Hallucinations caused by Djinns
Type of Spiritual Experience
Given what they were taking I would think there were Djinns in abundance.
If the communication is in words and sentences it is a bodied or disembodied soul. If the communication is symbolic, or uses words as puns, or is simply a ‘thought’ without words – an impression conveyed, communication is with a Spirit being , Spirit helper or Intelligence.
Here I think the voices were from the bodied, with a bit of communication of an unworded nature from the spirit beings of the substances they were taking
A description of the experience
Ned Tijdschr Geneeskd. 2010;154:A973. [Hallucinations attributed to djinns]. [Article in Dutch] Blom JD, Eker H, Basalan H, Aouaj Y, Hoek HW. Parnassia Bavo Groep, Den Haag, The Netherlands. firstname.lastname@example.org
Individuals with an Islamic background who suffer from hallucinations often attribute these to djinns, invisible beings.
The treatment of these hallucinations is complicated by the patients' reluctance to discuss them, and by their doubts concerning the usefulness of a biomedical treatment for a problem which they experience as metaphysical in nature.
In this clinical lesson, we present case studies of three Moroccan patients who attributed their hallucinations to djinns.
- The first was a 30-year-old factory worker whose compulsive complaints had started when he saw a white figure in the basement who asked him 'What are you doing here?' The psychiatric diagnosis was obsessive-compulsive disorder. The patient was prescribed cognitive behavioural therapy, an SSRI and a consultation by the imam, but he refused.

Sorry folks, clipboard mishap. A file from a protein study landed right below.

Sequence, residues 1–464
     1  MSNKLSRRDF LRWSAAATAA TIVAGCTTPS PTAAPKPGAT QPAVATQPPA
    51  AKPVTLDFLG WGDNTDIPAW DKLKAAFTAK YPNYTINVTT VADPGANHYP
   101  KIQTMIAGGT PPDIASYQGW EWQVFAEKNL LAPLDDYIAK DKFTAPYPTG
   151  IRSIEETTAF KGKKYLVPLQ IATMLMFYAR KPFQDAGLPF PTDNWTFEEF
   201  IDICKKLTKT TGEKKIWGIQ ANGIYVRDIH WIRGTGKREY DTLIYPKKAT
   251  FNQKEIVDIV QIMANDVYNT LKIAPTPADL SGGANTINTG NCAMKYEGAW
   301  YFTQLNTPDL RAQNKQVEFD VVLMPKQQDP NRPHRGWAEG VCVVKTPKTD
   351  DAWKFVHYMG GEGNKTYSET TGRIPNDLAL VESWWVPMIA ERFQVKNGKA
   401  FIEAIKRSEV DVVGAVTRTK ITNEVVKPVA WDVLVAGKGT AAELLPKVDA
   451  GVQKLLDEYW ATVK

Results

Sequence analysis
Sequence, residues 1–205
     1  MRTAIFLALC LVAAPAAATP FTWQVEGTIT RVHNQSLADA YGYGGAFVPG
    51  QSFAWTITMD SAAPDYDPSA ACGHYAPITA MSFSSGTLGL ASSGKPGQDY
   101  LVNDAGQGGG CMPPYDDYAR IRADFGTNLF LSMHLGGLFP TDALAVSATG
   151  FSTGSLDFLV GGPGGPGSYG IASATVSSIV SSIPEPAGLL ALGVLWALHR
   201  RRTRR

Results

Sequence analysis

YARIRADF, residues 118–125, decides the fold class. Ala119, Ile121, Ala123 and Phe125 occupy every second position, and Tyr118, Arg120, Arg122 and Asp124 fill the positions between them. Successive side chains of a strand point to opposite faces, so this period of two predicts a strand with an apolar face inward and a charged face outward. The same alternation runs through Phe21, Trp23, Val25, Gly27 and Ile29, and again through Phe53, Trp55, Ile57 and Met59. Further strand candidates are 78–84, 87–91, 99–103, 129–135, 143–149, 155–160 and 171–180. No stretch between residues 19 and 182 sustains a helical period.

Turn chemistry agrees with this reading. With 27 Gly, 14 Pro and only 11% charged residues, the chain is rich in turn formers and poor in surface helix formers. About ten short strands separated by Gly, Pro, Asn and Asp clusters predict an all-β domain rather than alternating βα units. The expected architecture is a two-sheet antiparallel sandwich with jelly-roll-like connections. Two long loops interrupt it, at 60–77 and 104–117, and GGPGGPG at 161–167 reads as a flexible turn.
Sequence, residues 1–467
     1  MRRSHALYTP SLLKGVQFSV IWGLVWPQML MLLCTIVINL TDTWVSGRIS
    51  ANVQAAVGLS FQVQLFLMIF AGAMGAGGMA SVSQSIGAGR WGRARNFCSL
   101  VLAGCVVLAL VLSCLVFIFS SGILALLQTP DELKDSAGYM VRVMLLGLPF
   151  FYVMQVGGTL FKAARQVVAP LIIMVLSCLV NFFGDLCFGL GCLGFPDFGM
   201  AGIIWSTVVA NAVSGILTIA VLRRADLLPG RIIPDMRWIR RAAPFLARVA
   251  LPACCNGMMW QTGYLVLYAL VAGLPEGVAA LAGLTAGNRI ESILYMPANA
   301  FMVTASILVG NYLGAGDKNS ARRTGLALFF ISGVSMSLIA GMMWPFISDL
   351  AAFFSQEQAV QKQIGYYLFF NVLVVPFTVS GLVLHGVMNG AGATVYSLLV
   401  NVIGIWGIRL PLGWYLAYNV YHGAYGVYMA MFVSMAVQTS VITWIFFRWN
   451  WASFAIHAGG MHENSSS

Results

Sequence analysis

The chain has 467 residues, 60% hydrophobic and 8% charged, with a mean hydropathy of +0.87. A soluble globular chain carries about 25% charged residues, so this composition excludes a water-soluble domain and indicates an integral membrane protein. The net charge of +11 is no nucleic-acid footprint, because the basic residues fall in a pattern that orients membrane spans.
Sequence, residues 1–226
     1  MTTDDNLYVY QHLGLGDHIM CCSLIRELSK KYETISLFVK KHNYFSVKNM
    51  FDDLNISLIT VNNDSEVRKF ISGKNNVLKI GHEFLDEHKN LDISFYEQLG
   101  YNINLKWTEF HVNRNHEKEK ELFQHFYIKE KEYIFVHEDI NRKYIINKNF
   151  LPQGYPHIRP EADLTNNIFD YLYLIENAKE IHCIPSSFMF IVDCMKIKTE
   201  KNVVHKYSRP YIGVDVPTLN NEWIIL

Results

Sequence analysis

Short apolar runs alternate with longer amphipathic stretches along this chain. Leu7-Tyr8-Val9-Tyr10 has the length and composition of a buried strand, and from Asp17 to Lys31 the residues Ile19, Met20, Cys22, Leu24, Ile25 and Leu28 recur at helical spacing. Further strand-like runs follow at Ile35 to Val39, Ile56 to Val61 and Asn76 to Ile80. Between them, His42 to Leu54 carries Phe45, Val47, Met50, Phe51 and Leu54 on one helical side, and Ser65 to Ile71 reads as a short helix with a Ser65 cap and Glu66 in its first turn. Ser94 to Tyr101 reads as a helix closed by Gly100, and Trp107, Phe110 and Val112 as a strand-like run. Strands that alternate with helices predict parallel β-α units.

- The second patient was a 25-year-old unemployed man, who had auditory hallucinations, delusions, behavioural problems, and alcohol and cannabis abuse. He heard voices which he attributed to maleficent djinns. He was diagnosed with schizophrenia, but his compliance with antipsychotics was insufficient. The imam who was consulted reassured him that his complaints were not caused by djinns. After prolonged treatment with clozapine and cutting down on cannabis use the patient recovered sufficiently to be discharged.
- The third patient was a 26-year-old unemployed woman who was hearing voices that her imam thought were caused by a djinn. She was examined because of serious self-mutilation and was diagnosed with a schizoaffective disorder. Treatment with an antipsychotic, lithium and valproic acid and a consultation by a second imam, who found no signs of evidence of djinns, was successful.
We recommend to ask individuals with an Islamic background specifically whether djinns might be involved, especially in cases of mental problems and unexplained symptoms, and to seek the cooperation of a qualified imam or traditional healer for treatment purposes.
The source of the experiencePubMed
Concepts, symbols and science items
Activities and commonsteps
SuppressionsBelieving in the spiritual world
Cannabis and marijuana